Stock sound effect

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A stock sound effect is a prerecorded sound effect intended to be reused with an entertainment product, as opposed to creating a new and unique sound effect. It is intended to work within a sound effect library.

History[edit]

As far back as Ancient Greece, sound effects have been used in entertainment productions. Sound effects (also known as sound FX, SFX, or simply FX) are used to enhance theatre, radio, film, television, video games and online media.

Sound effects were originally added to productions by creating the sounds needed in real time. Various devices and props were utilized to approximate the actual sounds, including coconut shells for horse hooves, and a sheet of metal for thunder. With the advent of radio and specifically radio dramas, the role of sound effects became more important. When cinema went from silent to "talkies", sound effects became a large part of this new medium, too.

Audio recording technology continued to evolve, making it easier to record and replay sound. As this happened, the more commonly used and harder-to-replicate sound effects were pre-recorded to make them more accessible. Prerecording also allowed the same sound effect to be used many times.

Both producers' and listeners' sensibilities began evolving with the technology, and the need for more realistic sound effects or for using the "real" sound increased. Therefore, a more urgent need developed for prerecorded sound effects.

Over time, the quality of audio recording and playback increased, as did demand for a wider variety of highly specific sounds. For example, rather than use a generic gunshot, a producer might request a gunshot from a specific type of gun, shot under precise conditions. Access to "real" sound effects became increasingly important to producers.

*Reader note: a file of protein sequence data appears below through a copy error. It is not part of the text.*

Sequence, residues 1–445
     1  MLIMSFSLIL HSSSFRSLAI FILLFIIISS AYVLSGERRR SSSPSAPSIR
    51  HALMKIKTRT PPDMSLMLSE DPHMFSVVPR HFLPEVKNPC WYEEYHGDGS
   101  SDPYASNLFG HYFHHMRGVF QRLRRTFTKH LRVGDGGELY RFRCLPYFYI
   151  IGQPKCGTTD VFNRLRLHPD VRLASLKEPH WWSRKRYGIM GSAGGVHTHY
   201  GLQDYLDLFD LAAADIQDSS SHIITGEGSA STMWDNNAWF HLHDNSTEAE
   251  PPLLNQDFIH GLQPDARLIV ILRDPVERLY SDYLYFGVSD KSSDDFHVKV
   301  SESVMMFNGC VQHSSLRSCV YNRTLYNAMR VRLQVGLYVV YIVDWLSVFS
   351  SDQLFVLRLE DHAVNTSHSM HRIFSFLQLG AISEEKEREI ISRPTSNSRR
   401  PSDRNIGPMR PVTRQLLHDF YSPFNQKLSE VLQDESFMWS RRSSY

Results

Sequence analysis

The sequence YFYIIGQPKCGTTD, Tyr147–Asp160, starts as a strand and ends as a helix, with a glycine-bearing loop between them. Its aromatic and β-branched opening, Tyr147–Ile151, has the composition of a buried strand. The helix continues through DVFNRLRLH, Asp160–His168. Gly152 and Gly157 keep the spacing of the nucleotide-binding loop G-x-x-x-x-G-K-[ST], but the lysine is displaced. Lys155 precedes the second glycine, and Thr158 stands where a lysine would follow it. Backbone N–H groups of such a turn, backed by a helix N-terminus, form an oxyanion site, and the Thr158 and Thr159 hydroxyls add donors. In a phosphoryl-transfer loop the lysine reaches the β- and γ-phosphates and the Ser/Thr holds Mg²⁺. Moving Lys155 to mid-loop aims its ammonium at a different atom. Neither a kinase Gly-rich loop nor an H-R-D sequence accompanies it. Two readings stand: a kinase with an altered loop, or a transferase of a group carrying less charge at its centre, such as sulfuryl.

These collections of prerecorded sound effects, both real and artificial, began to be referred to as stock sound effects, and were organized into libraries. As their usage increased, stock sound effects libraries became the valuable assets of sound design artists and production companies. Some stock sound effects have been reused so many times that they have become easily recognizable and even cliché. Examples of these include the scream of a red-tailed hawk, castle thunder, or the Wilhelm and Howie screams.

Many of the original sound effects libraries originated from film and television studios that employed the artists who created them, such as Warner Bros. and Hanna-Barbera. Over time, independent companies such as Sound Ideas and Hollywood Edge became involved, both distributing the major studios' libraries as well as making their own available to the public.

The internet ushered in a new generation of technology, entertainment media, and sound effects libraries. Sounddogs became the first to distribute sound effects libraries over the internet and Soundrangers became the first to create an all-new sound effects library for internet-based entertainment. Dozens of other websites now provide stock sounds for movies, video games, and software. Others such as FreeSound.org aim to provide free sound effects under the public domain.

Over the years, with the evolution of sound recording technology and new formats, the format used for sound effects libraries also evolved. Sound libraries are now available on many types of media, including vinyl records, reel-to-reel tape, cassette tapes, compact discs, hard drives and via the internet. Sound effects libraries now include more complex, layered, and mixed sounds along with a wider variety of incidental real world sounds.

Often-used examples[edit]

Howie Scream[edit]

Audio file of "The Howie Long scream"

The Howie scream (also known as the Howie Long scream or Screams 3; Man, Gut-Wrenching Scream and Fall into Distance) is a frequently used film, television, and video game stock sound effect for a scream. Often compared to the Wilhelm scream, its prominence in a number of movies has launched a few nicknames such as Howie Long Scream, in reference to Howie Long's death scene in the movie Broken Arrow.[2] It appears to have originated from a fight scene in the 1980 film The Ninth Configuration.[3]

See also[edit]

References[edit]

  1. ^ Lee, Steve (2004). "The Universal Telephone Ring", HollywoodLostandFound.net.
  2. ^ "Top 10 Movie Sound Effects We All Recognize". Retrieved 23 January 2011. 
  3. ^ "A tribute site to one of Hollywood's best sound effects!". Archived from the original on July 19, 2013. Retrieved 19 July 2013. 

External links[edit]